The hazards of excavation in oil and gas

Working in the oil and gas industry comes with its fair share of challenges. As if handling highly combustible materials wasn’t enough of a hazard, oil and gas workers have to drill into the earth to extract the material and transport it through a demanding system.

Whether it’s for maintaining current ones or laying new pipes, excavation is a crucial part of the oil and gas industry. In most situations, you can avoid excavation hazards with proper planning and training.

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Potential hazards of excavation

Below are the most common types of excavation hazards.

Falling objects

Falling objects include keeping people, materials, or equipment from falling into the excavation.
We can also include cave-ins under falling objects. A cave-in occurs when an unsupported section of soil or rock falls into an existing hole, creating a larger hole and exposing workers to falling debris or even injuring them directly.

Cave-ins can also occur when an unsupported section of soil or rock shifts unexpectedly, causing it to fall into an existing hole or even a different area altogether. They are one of the deadliest hazards of excavation.

Fire hazards

Fuel leaks or static electricity from improperly grounded equipment can lead to massive explosions. Explosions can also occur when equipment malfunctions or when workers do not follow safety procedures.

Fuel leaks can cause fires, which is why it is important to keep fuel tanks full and not allow them to run low. When tanks are full, the chances of an explosion are much lower.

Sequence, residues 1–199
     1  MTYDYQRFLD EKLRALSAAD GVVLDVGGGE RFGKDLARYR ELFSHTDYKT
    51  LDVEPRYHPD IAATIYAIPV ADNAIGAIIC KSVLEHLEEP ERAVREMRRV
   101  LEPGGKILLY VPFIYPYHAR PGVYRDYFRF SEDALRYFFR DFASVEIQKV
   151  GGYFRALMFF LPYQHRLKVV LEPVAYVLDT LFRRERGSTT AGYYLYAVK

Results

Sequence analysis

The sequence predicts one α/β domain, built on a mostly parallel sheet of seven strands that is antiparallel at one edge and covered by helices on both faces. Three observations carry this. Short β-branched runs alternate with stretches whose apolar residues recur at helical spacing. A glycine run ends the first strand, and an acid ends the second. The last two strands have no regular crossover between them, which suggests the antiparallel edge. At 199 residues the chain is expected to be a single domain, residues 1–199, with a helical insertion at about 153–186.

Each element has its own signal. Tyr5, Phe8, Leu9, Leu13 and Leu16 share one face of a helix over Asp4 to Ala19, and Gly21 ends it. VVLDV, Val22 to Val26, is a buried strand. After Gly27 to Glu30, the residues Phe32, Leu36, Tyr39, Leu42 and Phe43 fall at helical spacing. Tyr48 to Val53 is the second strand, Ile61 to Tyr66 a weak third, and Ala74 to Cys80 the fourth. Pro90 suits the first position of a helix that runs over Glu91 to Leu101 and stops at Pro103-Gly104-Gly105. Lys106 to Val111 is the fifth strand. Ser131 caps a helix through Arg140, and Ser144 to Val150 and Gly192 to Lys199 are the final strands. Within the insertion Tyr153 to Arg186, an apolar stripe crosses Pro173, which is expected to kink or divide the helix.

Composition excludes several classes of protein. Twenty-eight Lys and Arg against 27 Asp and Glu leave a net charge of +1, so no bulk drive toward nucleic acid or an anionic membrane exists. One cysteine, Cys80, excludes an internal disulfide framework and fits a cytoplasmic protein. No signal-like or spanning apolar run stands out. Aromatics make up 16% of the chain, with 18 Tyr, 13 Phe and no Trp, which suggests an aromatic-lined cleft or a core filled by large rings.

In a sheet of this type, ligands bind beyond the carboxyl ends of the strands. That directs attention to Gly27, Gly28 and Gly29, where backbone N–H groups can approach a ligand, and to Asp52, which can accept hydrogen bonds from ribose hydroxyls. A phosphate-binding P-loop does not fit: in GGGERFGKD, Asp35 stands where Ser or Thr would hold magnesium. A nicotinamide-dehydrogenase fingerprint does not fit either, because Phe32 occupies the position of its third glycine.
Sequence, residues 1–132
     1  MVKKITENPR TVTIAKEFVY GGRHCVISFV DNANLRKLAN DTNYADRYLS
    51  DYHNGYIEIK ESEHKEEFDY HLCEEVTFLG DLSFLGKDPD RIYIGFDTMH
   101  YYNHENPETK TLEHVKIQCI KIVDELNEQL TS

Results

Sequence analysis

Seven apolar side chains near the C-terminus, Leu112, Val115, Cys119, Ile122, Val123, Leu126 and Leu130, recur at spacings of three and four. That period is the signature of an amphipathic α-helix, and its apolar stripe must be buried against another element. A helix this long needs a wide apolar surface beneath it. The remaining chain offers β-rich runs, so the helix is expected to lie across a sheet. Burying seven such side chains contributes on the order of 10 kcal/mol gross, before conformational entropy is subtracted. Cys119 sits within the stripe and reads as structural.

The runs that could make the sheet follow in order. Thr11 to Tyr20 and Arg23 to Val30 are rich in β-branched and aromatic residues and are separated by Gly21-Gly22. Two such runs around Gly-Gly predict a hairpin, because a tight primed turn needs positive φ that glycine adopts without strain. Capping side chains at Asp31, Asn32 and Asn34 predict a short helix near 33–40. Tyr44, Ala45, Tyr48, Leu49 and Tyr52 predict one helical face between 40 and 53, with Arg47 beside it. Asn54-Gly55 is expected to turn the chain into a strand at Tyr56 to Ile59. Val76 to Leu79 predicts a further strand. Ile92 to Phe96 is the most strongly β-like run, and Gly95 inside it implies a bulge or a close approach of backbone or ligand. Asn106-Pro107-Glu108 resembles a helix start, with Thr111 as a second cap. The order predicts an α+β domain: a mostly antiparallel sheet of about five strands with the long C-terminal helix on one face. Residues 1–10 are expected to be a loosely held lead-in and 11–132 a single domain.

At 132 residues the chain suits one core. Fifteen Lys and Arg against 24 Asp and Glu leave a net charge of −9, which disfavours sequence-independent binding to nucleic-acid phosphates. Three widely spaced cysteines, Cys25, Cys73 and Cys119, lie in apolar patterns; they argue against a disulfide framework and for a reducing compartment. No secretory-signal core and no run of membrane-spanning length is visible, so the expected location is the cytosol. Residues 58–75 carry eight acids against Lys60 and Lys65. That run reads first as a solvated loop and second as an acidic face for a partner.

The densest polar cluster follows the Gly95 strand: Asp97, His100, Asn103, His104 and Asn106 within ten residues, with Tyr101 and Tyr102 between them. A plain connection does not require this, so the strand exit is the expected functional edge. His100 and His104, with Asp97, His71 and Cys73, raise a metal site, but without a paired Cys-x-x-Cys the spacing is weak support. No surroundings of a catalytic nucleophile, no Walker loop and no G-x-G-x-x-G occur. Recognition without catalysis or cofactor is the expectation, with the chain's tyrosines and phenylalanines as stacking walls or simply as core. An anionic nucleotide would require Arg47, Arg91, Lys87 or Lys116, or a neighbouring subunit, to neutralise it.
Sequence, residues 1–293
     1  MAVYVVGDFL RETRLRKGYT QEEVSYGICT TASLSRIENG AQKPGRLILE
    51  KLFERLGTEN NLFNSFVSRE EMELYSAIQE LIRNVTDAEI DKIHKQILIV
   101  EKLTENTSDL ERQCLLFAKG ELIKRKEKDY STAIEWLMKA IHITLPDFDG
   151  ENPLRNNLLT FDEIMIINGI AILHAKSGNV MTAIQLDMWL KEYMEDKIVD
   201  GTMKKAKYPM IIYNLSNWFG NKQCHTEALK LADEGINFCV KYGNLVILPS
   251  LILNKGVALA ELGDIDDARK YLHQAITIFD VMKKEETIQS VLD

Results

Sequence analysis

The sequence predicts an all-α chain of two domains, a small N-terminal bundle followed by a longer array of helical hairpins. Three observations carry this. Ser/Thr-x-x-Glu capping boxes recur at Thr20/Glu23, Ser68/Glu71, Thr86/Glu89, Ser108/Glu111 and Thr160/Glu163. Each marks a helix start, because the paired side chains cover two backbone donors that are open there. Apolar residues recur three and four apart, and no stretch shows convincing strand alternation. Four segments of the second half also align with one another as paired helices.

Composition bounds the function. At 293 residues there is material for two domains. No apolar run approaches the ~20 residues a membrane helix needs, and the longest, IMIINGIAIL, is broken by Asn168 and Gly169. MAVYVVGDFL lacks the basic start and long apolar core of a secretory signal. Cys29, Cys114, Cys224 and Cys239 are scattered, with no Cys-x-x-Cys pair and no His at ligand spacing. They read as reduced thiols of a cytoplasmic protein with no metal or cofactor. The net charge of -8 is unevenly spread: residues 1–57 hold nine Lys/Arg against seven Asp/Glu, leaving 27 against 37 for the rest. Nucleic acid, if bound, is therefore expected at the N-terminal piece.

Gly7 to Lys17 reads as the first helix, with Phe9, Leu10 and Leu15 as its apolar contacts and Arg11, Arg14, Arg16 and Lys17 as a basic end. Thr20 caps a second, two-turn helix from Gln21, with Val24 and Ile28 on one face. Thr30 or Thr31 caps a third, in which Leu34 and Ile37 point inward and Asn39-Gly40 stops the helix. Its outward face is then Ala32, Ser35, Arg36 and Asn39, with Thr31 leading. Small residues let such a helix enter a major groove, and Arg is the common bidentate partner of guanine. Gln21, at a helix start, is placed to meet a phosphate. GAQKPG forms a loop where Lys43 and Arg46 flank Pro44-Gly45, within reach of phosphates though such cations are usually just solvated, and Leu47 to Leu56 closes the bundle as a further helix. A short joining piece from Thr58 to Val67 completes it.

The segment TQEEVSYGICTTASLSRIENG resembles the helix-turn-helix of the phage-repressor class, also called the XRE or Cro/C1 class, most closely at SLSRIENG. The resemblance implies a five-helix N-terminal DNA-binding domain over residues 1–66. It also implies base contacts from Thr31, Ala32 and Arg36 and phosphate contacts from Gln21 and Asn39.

Here’s a fun example of why this is the case:

Best practices for avoiding excavation incidents

1 – Safe entry and exit

It’s extremely important to make sure the people involved have the correct training and authorization. These digging sites should always be planned and designed by competent people, who take every detail including the type of soil into consideration.

Providing a clear and safe entry and exit is a must for excavation. The access and egress should be continuous and within reach of at least 25 feet according to OSHA.

2 – Cave-in protection

OSHA claims that every excavation or trench can potentially collapse. That’s why workers should never enter an excavation site before an inspection and safety approval.

To prevent cave-ins, the walls should be sloped or benched, supported with shores, and shielded with trench boxes.

OSHA also requires excavated soil, materials, and equipment to stand at least 2 ft away from the edge of excavations to prevent falling and cave-ins. When inside the trench, always wear proper protective gear during excavation operations. This includes safety glasses, hard hats, steel-toe boots, and sturdy gloves.

3 – Standing water or other hazards

OSHA prohibits workers from entering an excavation with standing or accumulated water. Water can wear out the sides of the excavation, leading to collapses or cave-ins. Standing water can also block entry and exit routes, making the excavation an unsafe work environment.

4 – Inspecting trenches

A trained and competent person needs to make daily inspections of the excavation work site before the start of the work shift. If there’s been a rainstorm or any other potentially hazardious occurrence, the excavation must go through another inspection.

When determining the safety of the excavation, take the following precautions into consideration:

  • Does the excavation site have sloped or benched walls?
  • Do the walls have support from shores?
  • Does the excavation site have trench boxes?
  • Are there signs of potential cave-ins?
  • Are there are signs of soil distress (i.e., tension cracks, outward bulging, or heaving)?

If an inspector determines that the area of the excavation is unsafe, they have the authority to stop the operation.

There are certainly more hazards of excavation than the ones we’ve listed. Workers and employers must always work together to minimize the risks involved with working in such a hazardous and confined space.